The fact is that after touring this new facility, you come away convinced that the Barnes Foundation is poised at the beginning of a bright new future.
Ada Louise writes:
I have never disguised my defense of originals over copies, or my distaste for the Disneyfication of reality or the more genteel “authentic reproduction,” an oxymoron that devalues the creative act by glossing the knockoff with a false veneer of respectability, because a faux is a fake is a phony, by any other name…So how does it feel to have one’s core beliefs turned upside down? The “new” Barnes that contains the “old” Barnes shouldn’t work, but it does.
I feel like someone who attended a revival meeting but didn’t see the light. Am I an inflexible diehard, incapable of transcending stubborn prejudices? Or have I held onto my ability to see with my own eyes, despite a day-long indoctrination session last Wednesday? It will be interesting to see how the general view of the new Barnes (as well as my own view of it) may evolve over time. In the short term, it will be interesting to see how the new home for the Barnes works for real visitors (as I intend, at some point, to do).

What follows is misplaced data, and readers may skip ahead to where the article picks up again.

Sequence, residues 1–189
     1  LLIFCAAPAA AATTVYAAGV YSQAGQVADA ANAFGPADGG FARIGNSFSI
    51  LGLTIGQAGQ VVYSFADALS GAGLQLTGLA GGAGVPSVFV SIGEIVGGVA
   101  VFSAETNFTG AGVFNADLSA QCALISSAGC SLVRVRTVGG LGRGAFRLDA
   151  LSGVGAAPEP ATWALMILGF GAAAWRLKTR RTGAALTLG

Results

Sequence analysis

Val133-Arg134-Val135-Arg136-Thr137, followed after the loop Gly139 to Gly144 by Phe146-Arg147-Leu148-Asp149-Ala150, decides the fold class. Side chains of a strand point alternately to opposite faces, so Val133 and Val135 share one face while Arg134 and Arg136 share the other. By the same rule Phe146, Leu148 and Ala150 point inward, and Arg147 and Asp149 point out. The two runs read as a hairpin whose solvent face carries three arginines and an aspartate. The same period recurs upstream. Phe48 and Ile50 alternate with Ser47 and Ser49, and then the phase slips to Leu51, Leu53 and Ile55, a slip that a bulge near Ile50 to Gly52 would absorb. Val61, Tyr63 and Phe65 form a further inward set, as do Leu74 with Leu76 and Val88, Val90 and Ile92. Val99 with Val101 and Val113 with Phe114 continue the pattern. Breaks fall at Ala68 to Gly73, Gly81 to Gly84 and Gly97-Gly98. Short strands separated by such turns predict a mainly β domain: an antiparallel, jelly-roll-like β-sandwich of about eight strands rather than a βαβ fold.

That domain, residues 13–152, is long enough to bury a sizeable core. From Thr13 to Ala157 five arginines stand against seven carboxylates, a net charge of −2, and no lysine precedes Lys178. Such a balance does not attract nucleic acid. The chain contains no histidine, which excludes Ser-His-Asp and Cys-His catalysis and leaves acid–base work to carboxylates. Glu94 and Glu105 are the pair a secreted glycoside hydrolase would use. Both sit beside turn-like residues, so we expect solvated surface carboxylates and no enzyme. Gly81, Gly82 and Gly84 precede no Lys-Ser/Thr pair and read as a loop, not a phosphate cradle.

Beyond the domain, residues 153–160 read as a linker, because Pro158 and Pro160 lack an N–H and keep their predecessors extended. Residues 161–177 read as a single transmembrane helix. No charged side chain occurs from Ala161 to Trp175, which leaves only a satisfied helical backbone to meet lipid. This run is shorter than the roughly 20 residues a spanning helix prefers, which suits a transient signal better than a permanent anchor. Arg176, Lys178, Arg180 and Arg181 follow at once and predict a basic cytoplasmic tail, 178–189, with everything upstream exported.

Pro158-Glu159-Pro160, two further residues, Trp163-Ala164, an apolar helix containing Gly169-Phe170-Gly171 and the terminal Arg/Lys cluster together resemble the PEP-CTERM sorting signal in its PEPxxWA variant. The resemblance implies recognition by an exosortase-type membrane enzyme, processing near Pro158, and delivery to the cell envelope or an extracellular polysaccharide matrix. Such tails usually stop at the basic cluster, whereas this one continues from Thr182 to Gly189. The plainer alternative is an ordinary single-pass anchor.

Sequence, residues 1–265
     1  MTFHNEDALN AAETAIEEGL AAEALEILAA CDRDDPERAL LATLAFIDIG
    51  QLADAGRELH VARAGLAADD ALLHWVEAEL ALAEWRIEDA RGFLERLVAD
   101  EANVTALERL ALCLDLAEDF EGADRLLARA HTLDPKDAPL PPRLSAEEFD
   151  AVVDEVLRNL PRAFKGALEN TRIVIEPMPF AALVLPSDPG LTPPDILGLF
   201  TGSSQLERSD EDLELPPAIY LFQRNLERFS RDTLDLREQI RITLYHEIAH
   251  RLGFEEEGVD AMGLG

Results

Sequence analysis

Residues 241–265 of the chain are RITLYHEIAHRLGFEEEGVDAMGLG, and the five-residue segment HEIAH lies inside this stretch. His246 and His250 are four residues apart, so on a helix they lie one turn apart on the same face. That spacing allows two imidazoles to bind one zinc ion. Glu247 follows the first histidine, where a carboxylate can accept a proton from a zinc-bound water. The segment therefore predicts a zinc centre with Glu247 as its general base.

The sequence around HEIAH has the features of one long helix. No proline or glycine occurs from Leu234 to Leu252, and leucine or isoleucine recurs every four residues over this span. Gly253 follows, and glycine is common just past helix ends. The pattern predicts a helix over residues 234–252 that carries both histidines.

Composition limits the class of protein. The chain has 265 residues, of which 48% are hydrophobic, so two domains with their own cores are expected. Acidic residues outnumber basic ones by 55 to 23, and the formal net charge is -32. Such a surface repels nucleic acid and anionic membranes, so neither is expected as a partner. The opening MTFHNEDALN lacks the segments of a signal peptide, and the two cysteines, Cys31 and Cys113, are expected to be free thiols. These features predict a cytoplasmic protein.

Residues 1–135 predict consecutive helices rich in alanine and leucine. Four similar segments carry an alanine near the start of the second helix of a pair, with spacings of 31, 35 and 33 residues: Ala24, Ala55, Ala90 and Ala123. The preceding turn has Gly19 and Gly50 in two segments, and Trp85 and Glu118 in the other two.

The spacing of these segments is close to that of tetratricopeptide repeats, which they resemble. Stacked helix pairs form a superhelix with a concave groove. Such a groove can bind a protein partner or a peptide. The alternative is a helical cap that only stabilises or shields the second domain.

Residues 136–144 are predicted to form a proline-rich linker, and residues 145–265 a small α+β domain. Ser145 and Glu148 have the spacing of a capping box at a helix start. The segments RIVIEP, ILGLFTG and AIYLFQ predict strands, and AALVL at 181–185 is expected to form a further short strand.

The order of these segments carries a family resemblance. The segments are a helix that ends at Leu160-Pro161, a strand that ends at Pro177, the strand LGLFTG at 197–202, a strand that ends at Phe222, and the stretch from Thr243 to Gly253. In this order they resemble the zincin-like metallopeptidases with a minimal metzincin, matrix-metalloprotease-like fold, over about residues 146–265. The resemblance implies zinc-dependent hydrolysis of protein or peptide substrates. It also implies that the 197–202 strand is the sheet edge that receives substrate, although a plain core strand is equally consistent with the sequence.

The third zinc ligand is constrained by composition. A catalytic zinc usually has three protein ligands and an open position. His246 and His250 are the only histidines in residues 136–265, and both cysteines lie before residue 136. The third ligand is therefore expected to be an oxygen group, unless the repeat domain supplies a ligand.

For a moment, at least, let’s talk about something I liked about the Barnes. As I suggested in my HuffPost piece, I admired much of Tod Williams‘ and Billie Tsien‘s interior architecture, as well as the lively surface of the exterior (but not the stark “keep-out” walls that barricaded the site from the street).
The interior walls had much visual interest, thanks to their chiseled textures. This, I believe, is an exterior wall near the entrance door, but the same and other patterns enliven the inside as well: